A PARADOX is something that seems to contradict itself, but can also be something that defies conventional expectations. Benjamin Disraeli (1804-1881) - novelist, statesman, and dandy, an ambitious and charming womanizer who became a devoted husband and the favorite prime minister of Queen Victoria - was a paradox in both senses.
Disraeli's career defied Victorian expectations. At a time when Jews were excluded from Parliament and generally regarded with a mixture of hostility, fear, and contempt, it certainly seemed unlikely that a man born a Jew would become a leading Tory MP and eventually achieve his country's highest political office. Nor did Disraeli's comfortably middle class family possess the kind of fortune and social position that usually helped support a political career. Disraeli, indeed, did not even attend a university - although thanks to the influence of his father Isaac, an urbane and well-respected man of letters - Disraeli had a distinctly literary bent that flourished into a full-scale literary career alongside the political one.
Disraeli was baptized into the Anglican Church as a teenager. The legal prohibitions affecting Jews did not therefore apply to him. Yet the prejudices of his time were widespread, unabashed, and deeply ingrained, and Disraeli made no secret of his Jewish origins. Catcalls of ``Shylock'' and ``Old clo's'' routinely greeted his campaign speeches, although, as his latest biographer, Stanley Weintrub points out in ``Disraeli: A Biography,'' the young man's most glaring weaknesses were actually in the opposite direction: ``Dizzy's'' brightly colored, dandified clothes were anything but ``old,'' and far from being a moneylender, he was up to his ears in debt.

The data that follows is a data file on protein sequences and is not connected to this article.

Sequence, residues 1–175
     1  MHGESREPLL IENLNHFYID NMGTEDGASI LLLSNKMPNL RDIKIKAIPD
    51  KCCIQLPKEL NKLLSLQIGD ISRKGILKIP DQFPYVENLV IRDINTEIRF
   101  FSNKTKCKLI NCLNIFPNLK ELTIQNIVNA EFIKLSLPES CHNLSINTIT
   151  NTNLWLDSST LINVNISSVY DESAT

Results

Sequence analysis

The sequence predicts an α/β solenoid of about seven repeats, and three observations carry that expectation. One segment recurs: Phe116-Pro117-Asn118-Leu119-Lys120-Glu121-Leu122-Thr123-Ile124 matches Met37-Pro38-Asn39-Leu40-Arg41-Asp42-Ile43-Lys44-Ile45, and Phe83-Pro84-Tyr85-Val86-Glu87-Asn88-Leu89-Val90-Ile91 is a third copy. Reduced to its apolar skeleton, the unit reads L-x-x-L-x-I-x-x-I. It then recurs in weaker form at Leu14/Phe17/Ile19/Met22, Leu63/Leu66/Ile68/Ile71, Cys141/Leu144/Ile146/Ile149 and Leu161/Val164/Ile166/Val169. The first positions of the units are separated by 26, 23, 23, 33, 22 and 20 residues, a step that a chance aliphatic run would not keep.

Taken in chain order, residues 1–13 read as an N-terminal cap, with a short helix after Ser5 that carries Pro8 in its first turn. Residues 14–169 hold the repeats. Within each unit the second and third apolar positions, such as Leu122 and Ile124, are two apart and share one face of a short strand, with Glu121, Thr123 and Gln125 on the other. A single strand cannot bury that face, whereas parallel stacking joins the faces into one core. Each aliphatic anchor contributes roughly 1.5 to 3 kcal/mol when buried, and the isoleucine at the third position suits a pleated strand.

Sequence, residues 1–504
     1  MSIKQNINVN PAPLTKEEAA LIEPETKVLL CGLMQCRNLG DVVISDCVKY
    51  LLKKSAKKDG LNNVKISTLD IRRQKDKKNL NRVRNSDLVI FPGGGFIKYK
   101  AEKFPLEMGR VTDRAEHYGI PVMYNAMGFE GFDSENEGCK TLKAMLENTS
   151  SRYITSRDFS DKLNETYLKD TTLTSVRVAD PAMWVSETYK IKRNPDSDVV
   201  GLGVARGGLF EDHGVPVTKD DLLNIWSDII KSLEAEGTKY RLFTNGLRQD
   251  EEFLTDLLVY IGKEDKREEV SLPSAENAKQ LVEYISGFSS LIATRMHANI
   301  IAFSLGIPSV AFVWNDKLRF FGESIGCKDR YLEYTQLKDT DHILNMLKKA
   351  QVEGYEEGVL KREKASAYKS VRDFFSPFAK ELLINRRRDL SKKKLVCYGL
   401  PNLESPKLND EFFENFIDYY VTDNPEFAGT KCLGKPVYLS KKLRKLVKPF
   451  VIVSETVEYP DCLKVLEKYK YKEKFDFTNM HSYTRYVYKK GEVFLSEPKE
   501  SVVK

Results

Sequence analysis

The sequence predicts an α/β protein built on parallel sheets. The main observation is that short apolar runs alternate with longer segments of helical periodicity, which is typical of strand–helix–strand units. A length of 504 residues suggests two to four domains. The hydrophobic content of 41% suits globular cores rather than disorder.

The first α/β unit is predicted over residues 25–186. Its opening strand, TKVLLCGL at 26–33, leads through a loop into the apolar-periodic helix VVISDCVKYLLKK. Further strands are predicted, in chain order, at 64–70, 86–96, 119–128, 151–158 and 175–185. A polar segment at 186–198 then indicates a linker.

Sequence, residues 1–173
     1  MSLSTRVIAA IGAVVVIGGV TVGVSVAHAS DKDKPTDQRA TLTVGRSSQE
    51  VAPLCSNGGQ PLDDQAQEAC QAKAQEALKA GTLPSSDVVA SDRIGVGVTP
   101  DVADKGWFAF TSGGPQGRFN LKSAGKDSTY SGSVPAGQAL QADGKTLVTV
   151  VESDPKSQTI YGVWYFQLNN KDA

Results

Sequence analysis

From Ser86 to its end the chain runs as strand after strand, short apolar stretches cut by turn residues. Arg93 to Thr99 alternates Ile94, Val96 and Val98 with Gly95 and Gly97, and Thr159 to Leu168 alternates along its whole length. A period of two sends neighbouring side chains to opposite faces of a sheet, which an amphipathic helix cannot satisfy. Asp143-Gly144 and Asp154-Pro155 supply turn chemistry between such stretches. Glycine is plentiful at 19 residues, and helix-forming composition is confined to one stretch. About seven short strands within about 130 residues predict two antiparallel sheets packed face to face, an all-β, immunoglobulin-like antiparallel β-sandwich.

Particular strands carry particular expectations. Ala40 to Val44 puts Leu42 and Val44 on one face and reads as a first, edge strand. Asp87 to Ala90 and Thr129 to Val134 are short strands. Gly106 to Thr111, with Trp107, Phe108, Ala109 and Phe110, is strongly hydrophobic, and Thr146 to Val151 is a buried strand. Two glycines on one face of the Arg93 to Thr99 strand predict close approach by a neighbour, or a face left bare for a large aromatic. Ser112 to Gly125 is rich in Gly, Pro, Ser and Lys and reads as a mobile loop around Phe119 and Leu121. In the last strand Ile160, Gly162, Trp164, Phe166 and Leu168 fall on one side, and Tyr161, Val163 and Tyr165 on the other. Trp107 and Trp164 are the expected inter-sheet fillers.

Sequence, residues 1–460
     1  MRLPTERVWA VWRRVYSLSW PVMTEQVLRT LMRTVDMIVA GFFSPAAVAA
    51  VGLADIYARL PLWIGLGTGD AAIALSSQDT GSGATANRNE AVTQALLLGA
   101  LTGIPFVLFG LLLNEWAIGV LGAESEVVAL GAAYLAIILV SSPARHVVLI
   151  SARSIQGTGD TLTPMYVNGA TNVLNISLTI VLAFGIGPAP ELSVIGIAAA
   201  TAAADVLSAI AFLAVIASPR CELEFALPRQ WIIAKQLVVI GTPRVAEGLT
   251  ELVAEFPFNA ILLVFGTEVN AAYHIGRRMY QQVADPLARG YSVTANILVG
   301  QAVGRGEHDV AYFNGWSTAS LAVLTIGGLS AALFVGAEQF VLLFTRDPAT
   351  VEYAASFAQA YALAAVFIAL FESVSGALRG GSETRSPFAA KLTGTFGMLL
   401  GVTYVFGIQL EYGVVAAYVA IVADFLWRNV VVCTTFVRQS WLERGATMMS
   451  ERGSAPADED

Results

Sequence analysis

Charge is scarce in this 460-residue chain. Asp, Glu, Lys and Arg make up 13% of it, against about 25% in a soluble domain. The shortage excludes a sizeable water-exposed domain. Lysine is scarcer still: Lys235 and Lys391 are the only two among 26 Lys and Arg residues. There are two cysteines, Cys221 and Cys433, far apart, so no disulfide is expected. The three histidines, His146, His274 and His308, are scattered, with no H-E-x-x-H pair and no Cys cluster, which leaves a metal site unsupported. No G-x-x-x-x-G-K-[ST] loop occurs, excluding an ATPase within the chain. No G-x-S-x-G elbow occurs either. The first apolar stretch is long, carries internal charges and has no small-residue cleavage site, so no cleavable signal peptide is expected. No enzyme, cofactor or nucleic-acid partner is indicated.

Even before he had embarked on his political career or his equally productive lifelong career as a novelist, the ambitious young man had pinned his hopes - and borrowed money - on capitalist dreams of riches to be made through investments in Latin American mining stocks. His gamble did not pay off.
Disraeli's marriage to Mary Anne Wyndham Lewis, a well-off widow 12 years his senior, came about because he was looking for a secure financial base. Yet, as he frankly explained to her in the letters he wrote to woo her, her money, while an inducement, was not her main attraction. She was hardly the richest woman in his ambit. Dizzy, as Mary Anne liked to call him, was genuinely fond of this garrulous, silly, good-hearted woman, who offered him her support and adoration.
Weintraub's richly detailed account illustrates Disraeli's gradual - almost imperceptible - transformation from youthful adventurer to seasoned elder statesman. Disraeli first gained political attention speaking out on behalf of the more reactionary elements of the Tory party in condemning their leader, Prime Minister Robert Peel, for ending protectionist grain tariffs. Disraeli's point, oddly, was not that free trade was harmful, but that it was wrong for a Tory leader to change sides by embracing a Whig idea.